6 steps to write a great History article (by Valentin Boulan)

6 steps to write a great History article (by Valentin Boulan)

PublisHistory has now been successfully running for almost four months, regularly sharing fantastic history essays for all to enjoy. This post is not about a particular subject. Rather, here I would like to focus on some of the key features which, in my opinion, make a great History article. I believe most of the essays shared on PublisHistory tick all of the following boxes, which is why they are so interesting and exciting reads. Here are 6 steps towards a great History article..

1) Your own ideas – No one wants to read your recap of Gibbon’s theory on the fall of the Roman Empire. This doesn’t mean that Gibbon’s work is worthless, but simply that if one wanted to read it, they would look at Gibbon’s book, not your article! Do not waste your time (and indeed your readership’s) endlessly summarising notorious historians’ work and playing it safe. Instead, you should read and understand the great works, but be risky and put your own ideas into your work. Ask yourself: how is my article contributing to existing knowledge?

2) Strong evidence – Use a strong body of evidence in your article. History books offer a huge quantity of anecdotes, quotes, statistics, etc. Combine different types of evidence to show how thorough your research is, and use the strongest, most relevant points to support your thesis. Demonstrating why your evidence is more reliable and valid than that raised by alternative arguments is also a great way to strengthen your work.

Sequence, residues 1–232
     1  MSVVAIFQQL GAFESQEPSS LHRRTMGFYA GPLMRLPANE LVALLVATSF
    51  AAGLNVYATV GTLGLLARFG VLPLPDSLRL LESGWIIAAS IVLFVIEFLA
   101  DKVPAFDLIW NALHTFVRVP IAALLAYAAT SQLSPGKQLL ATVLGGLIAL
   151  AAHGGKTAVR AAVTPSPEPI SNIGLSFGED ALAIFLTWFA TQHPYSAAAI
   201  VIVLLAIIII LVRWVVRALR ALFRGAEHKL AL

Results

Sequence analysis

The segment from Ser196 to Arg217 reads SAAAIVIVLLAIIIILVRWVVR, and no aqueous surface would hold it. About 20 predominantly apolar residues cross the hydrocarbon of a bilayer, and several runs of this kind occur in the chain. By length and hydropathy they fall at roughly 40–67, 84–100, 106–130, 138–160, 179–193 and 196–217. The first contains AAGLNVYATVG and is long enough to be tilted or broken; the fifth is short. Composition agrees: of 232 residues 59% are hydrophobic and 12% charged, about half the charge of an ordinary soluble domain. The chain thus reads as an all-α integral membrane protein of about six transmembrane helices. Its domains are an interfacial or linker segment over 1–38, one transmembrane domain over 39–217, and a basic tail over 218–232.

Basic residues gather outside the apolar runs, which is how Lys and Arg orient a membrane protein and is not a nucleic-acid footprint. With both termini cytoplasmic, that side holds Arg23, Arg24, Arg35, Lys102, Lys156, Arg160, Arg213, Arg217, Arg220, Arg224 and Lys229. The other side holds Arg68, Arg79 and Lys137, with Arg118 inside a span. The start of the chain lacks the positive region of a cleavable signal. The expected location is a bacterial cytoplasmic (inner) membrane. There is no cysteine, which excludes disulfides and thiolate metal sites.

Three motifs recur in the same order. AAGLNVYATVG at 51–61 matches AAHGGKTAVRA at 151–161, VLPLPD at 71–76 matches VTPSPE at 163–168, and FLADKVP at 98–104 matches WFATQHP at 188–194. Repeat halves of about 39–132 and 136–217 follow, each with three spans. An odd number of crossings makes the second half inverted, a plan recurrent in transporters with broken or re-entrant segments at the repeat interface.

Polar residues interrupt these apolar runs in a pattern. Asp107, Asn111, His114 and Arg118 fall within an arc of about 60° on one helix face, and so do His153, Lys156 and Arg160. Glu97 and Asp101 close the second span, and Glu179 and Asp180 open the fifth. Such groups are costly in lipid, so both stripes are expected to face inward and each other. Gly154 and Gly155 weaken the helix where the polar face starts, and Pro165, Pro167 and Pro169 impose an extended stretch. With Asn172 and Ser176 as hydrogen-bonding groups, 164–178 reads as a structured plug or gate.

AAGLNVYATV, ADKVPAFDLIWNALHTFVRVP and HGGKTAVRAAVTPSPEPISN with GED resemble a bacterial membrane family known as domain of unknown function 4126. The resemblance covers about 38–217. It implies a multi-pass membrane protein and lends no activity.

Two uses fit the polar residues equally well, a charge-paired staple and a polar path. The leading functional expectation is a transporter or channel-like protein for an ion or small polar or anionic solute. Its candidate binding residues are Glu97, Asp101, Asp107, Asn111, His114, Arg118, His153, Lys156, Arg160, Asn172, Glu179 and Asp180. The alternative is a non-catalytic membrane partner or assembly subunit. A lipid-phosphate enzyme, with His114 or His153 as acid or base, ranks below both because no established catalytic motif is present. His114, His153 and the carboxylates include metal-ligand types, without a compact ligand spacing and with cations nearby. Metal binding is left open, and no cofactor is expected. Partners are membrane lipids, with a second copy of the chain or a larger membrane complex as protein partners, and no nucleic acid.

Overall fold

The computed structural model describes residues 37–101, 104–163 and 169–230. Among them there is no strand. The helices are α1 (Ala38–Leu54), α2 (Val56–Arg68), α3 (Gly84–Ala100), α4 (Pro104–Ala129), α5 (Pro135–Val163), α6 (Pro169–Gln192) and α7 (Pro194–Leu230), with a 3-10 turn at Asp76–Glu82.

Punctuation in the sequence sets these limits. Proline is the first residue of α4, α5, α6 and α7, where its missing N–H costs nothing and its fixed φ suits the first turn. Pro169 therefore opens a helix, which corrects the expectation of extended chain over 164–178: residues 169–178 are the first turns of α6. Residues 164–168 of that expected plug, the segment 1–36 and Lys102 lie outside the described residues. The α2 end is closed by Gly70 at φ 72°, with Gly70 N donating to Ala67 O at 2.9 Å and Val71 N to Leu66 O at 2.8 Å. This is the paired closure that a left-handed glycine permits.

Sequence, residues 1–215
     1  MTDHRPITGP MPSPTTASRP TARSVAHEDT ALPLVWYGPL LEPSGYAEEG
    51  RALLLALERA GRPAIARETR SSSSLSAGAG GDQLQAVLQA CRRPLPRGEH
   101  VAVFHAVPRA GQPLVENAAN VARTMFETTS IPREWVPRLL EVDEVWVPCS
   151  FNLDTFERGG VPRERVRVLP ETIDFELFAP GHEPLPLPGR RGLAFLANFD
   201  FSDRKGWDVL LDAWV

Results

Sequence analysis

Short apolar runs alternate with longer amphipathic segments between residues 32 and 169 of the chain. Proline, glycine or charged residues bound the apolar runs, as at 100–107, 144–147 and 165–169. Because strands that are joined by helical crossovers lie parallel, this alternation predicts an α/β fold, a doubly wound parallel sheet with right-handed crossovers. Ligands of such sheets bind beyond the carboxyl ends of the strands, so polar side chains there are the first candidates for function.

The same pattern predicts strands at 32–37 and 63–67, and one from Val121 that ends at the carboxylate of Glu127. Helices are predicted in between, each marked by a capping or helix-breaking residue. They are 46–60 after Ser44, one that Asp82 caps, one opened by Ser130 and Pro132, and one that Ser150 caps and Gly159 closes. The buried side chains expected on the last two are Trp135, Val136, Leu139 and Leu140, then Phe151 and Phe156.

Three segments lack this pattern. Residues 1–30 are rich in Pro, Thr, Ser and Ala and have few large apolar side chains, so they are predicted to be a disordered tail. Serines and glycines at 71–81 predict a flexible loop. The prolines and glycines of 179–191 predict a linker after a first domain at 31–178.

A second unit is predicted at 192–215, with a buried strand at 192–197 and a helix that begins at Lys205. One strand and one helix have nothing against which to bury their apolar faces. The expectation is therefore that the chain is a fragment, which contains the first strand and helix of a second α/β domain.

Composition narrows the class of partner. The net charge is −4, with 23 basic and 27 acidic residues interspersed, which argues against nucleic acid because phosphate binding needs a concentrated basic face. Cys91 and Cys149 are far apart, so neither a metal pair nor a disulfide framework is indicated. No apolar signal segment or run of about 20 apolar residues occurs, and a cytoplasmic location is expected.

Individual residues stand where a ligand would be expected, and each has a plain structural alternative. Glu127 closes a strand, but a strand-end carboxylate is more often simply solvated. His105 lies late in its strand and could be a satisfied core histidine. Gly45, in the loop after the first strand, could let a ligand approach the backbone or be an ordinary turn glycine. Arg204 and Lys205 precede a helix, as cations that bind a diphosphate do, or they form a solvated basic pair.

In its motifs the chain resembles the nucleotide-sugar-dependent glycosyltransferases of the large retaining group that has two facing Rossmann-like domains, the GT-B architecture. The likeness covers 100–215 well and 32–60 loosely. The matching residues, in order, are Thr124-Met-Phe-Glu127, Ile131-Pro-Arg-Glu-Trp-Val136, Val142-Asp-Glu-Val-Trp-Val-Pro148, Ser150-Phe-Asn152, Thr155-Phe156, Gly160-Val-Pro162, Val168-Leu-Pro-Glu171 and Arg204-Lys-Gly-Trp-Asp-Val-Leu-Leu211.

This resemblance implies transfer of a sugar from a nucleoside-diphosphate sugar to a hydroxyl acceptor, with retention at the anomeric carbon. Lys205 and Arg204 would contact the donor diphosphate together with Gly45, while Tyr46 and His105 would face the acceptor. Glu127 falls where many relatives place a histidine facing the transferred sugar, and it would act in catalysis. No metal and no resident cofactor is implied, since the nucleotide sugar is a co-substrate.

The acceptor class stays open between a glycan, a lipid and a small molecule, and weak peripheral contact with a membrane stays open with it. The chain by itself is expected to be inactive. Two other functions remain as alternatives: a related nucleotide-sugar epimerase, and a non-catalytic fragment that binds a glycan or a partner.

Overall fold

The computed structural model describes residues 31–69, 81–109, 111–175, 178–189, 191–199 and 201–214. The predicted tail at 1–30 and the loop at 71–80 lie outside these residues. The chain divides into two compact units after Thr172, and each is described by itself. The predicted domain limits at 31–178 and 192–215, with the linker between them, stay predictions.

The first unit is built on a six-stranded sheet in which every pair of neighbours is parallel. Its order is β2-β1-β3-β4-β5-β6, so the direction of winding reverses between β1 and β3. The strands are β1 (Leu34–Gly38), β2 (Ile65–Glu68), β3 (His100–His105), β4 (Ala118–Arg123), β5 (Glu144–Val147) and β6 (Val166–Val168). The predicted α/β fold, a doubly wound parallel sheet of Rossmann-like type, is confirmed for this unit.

3) Use primary sources – It is a common mistake when writing history simply to read books about a particular subject, and draw your conclusions from them. However, history books are the product of independent research, and reflect the opinions of those who write them. Hence the best way to truly explore your own convictions is not to simply go through other people’s books. Use archives, public records, diaries, newspapers, biographies, intellectual works of the time, etc. They can help you understand past events and ideas for yourself. Note: primary sources do not have to be 500 year old manuscripts, hidden away in restricted collections!

4) Know the historiography – Whilst it is essential to contribute your own ideas, knowing the historiography within your field of study is essential. Historiography can help you understand the different schools of thought, arguments and assumptions you can either build on or challenge. You should see historiography as good foundations to build your house on, the house being your article. Whilst it is of limited interest on its own, it is the first, essential building step. To put it another way: If you don’t know what has already been written, how can you tell your own contribution is new/valuable?

5) Don’t go off on one! Anyone who’s ever written a history article will know that one of the trickiest steps in research consists of cutting down the huge amount of literature you have to go through into concise, relevant information. As an academic, this is a concern because you are often restricted to a strict word count limit. Most importantly, “going off on one” and discussing everything you’ve read about a particular subject is the best way to end up off topic, and not addressing the questions you originally wished to answer! The best way to avoid this is to keep a structure in mind from the start, and of course adapt it depending on your findings.

6) Finally, write on something you’re passionate about! It’s simple – the more you are interested about something, the more you read and remember about it. Quit putting pressure on yourself and writing for a good grade, or positive reviews. Do so for the sake of historical accuracy and originality. Which is what it’s all about..

Do you agree with this list? What would you add to it? Share your thoughts!

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